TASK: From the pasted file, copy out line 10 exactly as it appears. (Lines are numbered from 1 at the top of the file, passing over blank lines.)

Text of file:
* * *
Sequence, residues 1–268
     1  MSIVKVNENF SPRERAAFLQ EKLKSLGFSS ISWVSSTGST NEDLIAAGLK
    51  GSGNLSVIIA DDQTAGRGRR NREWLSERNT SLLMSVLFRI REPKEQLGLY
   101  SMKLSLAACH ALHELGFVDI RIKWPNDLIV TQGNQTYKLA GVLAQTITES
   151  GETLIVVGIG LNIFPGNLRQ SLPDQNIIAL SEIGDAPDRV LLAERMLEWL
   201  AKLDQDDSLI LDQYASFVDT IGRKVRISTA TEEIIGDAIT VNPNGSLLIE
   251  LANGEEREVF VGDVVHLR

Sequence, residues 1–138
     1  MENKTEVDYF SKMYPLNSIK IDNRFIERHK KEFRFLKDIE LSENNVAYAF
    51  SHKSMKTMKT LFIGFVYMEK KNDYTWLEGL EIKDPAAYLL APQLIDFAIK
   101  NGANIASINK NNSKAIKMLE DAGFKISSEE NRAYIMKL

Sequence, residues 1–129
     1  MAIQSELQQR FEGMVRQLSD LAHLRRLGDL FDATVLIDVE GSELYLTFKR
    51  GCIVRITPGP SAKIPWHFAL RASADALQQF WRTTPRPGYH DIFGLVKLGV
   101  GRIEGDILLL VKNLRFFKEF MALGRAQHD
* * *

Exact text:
    51  SHKSMKTMKT LFIGFVYMEK KNDYTWLEGL EIKDPAAYLL APQLIDFAIK